Classical Foundations

Inside many English departments, there are divisions between the literature, writing, and rhetoric programs. In a handful of departments, these divisions branch into smaller units. For example: composition (academic writing), creative writing, and technical writing. We compare "FTEs" (full-time enrollment equivalents) and compare which programs are growing and which are fading. We argue the value of our particular specialties. Sometimes, the specialties break away to join other departments or form their own free-standing departments. The debates have raged for at least 80 years, but grew in passion (and desperation) since the 1960s.

"Lit" seems to hold the power in most English departments, while composition courses fill the most classrooms. While required academic writing courses might have dozens of sections, each filled to its enrollment cap, I've witnessed literature course after literature course cancelled for lack of numbers. This has happened to rhetoric courses, too. When a composition program splits from English, it takes the bulk of FTEs with it. If composition isn't part of the English department, colleagues at other institutions tell me there is quiet (and not-so-quiet) chatter about bringing academic writing within English. It's all about the numbers.

My problem with this is that I don't see the divisions as constructive and I'm not entrenched enough yet to be defending my little village in rhetoric.

Currently, I'm working on an English department curriculum committee. I'd like to see students take courses across the fields within English and language arts — forget writing across the curriculum, I'm arguing for students to journey across the English departmental divisions.

Rhetoric is the study of effective (and ineffective) communication. We can easily include courses in the rhetorical tradition, rhetoric of fiction, rhetoric of science, and more. The ability to perform a rhetorical analysis of any communication, textual or otherwise distributed, is useful throughout the other language arts fields.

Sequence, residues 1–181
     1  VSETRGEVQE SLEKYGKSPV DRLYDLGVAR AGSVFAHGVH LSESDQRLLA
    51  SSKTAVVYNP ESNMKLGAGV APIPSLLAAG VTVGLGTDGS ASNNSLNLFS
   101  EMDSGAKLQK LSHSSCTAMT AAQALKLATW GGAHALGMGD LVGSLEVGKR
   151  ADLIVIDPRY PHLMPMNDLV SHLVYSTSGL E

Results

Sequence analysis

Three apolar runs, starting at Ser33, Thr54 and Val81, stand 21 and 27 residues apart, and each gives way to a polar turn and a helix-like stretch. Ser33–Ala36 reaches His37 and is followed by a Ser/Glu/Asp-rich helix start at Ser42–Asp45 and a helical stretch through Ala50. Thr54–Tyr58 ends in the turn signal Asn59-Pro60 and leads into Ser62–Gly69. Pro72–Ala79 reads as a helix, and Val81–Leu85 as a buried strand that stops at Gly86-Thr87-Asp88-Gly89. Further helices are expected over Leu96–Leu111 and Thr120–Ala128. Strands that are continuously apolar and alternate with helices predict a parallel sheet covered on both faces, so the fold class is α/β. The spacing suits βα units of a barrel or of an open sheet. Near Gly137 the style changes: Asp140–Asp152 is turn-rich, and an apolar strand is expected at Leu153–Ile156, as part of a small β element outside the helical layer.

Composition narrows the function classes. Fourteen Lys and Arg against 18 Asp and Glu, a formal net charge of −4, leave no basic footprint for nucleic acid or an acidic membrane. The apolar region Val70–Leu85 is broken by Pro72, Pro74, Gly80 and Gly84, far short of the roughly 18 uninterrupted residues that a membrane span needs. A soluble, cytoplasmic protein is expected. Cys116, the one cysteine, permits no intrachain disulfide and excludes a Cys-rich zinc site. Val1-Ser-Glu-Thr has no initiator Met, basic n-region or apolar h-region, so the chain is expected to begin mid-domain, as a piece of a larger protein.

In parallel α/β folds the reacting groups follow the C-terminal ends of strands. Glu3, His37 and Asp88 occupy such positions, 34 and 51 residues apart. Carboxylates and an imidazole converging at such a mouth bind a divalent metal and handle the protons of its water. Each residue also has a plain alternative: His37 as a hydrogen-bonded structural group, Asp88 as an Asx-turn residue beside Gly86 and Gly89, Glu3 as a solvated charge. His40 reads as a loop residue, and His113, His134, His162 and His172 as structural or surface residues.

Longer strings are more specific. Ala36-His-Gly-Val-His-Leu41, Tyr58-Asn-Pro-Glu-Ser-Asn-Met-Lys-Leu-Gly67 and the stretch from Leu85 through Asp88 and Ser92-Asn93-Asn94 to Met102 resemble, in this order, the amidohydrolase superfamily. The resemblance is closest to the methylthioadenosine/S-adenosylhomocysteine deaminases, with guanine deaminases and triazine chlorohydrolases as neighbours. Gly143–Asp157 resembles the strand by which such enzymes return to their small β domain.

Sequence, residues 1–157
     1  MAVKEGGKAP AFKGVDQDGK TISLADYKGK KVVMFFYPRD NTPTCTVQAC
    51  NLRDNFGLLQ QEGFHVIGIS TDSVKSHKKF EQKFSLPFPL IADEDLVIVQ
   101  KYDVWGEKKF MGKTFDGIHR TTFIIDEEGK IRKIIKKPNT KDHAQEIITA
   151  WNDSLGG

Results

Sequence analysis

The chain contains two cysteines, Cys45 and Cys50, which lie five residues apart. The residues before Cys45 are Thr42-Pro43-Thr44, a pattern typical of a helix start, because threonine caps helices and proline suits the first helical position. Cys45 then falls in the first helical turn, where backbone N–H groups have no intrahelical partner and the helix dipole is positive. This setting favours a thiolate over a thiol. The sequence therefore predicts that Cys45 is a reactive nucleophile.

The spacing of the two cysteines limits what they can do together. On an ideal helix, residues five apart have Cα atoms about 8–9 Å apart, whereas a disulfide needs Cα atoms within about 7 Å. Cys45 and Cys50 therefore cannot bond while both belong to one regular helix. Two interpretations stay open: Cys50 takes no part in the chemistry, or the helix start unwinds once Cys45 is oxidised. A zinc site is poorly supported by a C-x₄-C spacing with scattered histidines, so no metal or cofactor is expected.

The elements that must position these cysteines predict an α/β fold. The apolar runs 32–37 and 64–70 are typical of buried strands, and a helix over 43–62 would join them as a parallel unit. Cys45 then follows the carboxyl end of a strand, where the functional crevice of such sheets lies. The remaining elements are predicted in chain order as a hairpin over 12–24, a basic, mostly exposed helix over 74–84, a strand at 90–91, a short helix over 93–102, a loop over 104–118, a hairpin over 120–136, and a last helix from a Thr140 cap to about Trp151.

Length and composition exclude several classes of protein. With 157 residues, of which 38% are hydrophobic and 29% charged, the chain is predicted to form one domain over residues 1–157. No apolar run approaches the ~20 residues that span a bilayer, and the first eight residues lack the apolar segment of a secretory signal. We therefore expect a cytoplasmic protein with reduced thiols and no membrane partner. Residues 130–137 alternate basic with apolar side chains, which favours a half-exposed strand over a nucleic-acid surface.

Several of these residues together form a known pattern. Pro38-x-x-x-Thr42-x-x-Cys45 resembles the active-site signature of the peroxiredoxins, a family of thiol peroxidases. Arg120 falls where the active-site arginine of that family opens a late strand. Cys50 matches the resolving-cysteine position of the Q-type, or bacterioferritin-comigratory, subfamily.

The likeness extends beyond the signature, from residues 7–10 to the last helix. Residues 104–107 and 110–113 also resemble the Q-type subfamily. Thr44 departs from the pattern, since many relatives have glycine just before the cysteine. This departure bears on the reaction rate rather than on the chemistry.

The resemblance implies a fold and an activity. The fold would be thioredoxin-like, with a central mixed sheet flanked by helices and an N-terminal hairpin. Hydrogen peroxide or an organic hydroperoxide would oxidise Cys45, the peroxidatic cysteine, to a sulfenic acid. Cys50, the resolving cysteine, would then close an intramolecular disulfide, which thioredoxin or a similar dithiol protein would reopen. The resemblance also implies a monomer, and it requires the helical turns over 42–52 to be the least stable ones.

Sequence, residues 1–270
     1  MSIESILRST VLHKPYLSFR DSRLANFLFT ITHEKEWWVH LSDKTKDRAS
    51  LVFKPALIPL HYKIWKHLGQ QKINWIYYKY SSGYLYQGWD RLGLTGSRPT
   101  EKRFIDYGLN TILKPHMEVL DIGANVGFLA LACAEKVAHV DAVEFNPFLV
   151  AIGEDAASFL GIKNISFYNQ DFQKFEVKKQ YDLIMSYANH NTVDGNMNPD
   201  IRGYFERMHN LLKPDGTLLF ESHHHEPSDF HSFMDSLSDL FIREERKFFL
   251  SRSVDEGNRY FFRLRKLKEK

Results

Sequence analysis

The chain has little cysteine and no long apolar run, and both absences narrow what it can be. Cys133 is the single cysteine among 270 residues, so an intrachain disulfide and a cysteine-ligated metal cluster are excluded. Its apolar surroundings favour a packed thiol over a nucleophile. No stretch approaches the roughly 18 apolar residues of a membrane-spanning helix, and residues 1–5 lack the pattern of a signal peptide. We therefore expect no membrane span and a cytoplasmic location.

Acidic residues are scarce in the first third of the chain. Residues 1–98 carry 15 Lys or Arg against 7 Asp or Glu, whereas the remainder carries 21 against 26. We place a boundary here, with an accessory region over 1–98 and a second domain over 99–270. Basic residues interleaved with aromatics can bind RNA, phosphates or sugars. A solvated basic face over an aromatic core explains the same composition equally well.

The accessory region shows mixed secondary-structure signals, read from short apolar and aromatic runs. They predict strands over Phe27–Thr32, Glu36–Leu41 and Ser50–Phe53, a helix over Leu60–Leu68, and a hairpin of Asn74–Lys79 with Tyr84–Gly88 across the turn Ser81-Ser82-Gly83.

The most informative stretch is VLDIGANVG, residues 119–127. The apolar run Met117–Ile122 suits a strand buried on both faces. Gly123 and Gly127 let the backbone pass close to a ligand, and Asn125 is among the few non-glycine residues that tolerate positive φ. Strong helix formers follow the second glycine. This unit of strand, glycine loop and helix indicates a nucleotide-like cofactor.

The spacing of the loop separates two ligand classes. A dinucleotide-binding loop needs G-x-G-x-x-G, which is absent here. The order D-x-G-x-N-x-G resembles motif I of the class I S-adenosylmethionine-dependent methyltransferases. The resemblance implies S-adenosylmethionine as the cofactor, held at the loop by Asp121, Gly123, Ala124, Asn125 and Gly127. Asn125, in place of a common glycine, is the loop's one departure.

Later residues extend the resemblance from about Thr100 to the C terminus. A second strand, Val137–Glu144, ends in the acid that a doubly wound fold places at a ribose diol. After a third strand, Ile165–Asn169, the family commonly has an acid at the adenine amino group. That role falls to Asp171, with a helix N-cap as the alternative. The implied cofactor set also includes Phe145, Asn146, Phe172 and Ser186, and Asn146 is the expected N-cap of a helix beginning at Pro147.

Likewise, I don't believe you can be a great writer without being a reader. Not merely a passive reader, either, but an active reader with an attention to form and style. How could we not require a literature course of students in any English department major? The underlying lit content might vary by program emphasis, but we should still have students reading, and reading a lot.

Creative writing is my avocation and vocation. I love to write, and consider my technical writing a creative non-fiction genre. We should expose students to creative expression, recognizing that creative thinking should be fostered by the university.

Finally, academic writing is the conventional discourse within higher education and general scholarship. Students need the skills to participate in academic discussions. Teaching composition helps students become participants in academic culture.

It is my hope that I can craft a curriculum report that encourages the university to require at least rhetoric, literature, creative writing, and academic writing of all students. It might be only a class or two in any one of these areas, but students need the exposure to the writing process, active reading, and rhetorical analysis.


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